Each area of resource production should have nearby the homes of the people working it and the appropriate type of storage. So, for example, if you have a forest being used for gathering and logging you should include: a couple homes at the edge of the forest for the workers, a storage barn for the food being produced, and a stockpile for the logs. I'd recommend this exact setup for each of the nearest few forests, plus a hunter's lodge in one or two of them and an herbalist in one if you find health is getting low. If you can find a forest that borders a lake or river so much the better, since that will let you bolster its food production with a fishing dock.

For your next-tier producers (woodcutters, blacksmiths, tailors, taverns), the first of each should go near the storage barn of a forest that's producing a good amount of food (and for the woodcutter, near a stockpile that's getting logs). For subsequent placements there are three factors you need to consider and try to balance: availability of food to support the workers, an even spread among your sub-communities, and proximity to the resource they use (blacksmiths near an iron mine, tailors near a sheep flock, etc.).

The overall goal is to minimize the amount of unnecessary walking, because any time spent walking is time not spent working. Homes should be near workplaces, workplaces should be near appropriate storage, storage should be near homes. Obviously that will quickly become hard if you're trying to build all your homes in one area, which is why you should go with sub-communities.

As your population increases and you inevitably start getting larger clusters of buildings, a market can be a big help in maintaining efficiency. It's the job of the vendors there to do most of the walking for your other settlers, going out to storage areas and bringing the goods back to a central location. Markets cost a lot of resources, though, and early on you could find better uses for the vendors, so don't be too eager to build one (though feel free to leave a green in the center of some buildings the right size to accommodate one eventually).

There are a couple other important things to consider with markets. First is that if you're not careful your vendors can drain the storage areas of supplies in their effort to stock the market, so you don't want too many of them. Despite the default worker limit on a market being 12, one or two should suffice when it's first built—start there and adjust as necessary. The next thing to consider is that the market will only serve the people whose houses fall within its yellow range ring. If a house is not inside it, its inhabitants will go to a nearby storage barn instead. This can lead to an awkward situation wherein hungry settlers will walk by a well-stocked market to get to a storage barn with food. I think that logic needs to be fixed, but if you use smart distribution and don't overtax your barns with vendors it should be pretty avoidable. When you're placing your markets try to get large coverage of homes, and also make sure that any homes falling outside its range have adequate storage areas to draw from instead.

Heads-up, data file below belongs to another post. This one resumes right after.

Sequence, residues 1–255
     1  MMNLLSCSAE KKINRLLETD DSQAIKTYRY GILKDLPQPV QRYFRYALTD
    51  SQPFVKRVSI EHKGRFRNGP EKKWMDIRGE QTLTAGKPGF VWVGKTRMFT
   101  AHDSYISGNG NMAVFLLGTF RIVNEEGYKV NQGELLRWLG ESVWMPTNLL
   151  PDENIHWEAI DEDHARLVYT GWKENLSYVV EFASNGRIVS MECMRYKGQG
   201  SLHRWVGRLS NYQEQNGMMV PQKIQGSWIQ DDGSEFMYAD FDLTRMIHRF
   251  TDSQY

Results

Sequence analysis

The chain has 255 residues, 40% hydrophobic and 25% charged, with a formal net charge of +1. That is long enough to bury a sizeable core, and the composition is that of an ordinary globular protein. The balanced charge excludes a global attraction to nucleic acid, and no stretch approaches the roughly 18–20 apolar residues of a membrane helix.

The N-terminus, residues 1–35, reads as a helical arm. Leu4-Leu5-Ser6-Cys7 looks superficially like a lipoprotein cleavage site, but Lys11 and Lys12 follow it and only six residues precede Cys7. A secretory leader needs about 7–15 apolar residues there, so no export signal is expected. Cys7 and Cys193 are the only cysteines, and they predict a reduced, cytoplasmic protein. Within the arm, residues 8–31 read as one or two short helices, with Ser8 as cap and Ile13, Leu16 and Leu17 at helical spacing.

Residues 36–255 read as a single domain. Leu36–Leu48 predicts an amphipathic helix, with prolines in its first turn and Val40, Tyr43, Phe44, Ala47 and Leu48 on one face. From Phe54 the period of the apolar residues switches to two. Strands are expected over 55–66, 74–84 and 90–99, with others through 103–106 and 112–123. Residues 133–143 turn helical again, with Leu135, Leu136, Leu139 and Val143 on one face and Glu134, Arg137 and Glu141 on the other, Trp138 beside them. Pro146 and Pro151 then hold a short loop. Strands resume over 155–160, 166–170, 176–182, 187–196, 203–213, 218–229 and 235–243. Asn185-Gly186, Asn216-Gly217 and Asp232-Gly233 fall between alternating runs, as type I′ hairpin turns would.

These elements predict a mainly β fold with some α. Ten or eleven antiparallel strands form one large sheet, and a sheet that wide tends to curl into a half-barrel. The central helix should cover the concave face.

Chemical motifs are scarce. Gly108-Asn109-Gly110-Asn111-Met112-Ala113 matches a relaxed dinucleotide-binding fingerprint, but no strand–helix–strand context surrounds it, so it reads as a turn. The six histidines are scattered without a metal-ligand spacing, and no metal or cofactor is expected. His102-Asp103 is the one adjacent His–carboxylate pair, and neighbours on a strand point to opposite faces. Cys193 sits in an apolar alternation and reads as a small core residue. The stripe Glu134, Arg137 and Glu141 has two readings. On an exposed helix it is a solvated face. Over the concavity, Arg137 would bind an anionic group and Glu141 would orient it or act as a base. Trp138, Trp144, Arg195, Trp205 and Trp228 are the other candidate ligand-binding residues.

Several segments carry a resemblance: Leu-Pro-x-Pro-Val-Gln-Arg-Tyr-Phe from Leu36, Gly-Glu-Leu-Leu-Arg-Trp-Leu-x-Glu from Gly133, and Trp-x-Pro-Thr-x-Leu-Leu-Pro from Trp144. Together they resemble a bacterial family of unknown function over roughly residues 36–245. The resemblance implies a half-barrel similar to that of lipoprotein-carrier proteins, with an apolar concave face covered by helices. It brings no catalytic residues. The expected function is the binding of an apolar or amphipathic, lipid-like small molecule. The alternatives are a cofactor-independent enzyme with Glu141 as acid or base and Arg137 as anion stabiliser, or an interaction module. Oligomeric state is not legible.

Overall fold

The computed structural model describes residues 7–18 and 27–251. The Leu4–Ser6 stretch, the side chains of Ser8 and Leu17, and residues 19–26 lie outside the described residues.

Health & Happiness

Each of your settlers has a personal rating for health and happiness, and you can see the overall averages in the Town Info window. A good variety in food will keep health high, but an herbalist can offset the penalty if you find yourself with low food variety (just be aware that going to the herbalist takes a lot of time, since the settler has to get the herbs from storage and then bring them back to the herbalist's hut to have a concoction made for them—you're better off trying to keep food variety high).

The hospital is primarily used to counter disease outbreaks, which you have a higher likelihood of encountering if you accept nomads into your settlement. Nomads can be a nice boost to population, but an outbreak can wipe out an even larger number, so I'd advise against accepting them until you have a hospital.

Happiness is affected by a variety of things, and there are several buildings you can add to keep it up. Wells provide a place to gather, which makes people happy (and are also essential for putting out fires, so be generous with them). Graveyards will offset the sadness incurred by deaths in the family.  Churches and taverns also make people happy but are fairly expensive to build (and the tavern won't be of use until you have something to turn into alcohol, like wheat or a tree fruit).


In general it's better to fill one building with workers before creating a new one since new work buildings tend to be costly and many industries take time to get running at full capacity. And as I mentioned earlier, you'll probably end up with around one settler in a food production role for every one in some other role. I'm not going to go over all the professions here, just a few that have some important things to note about them.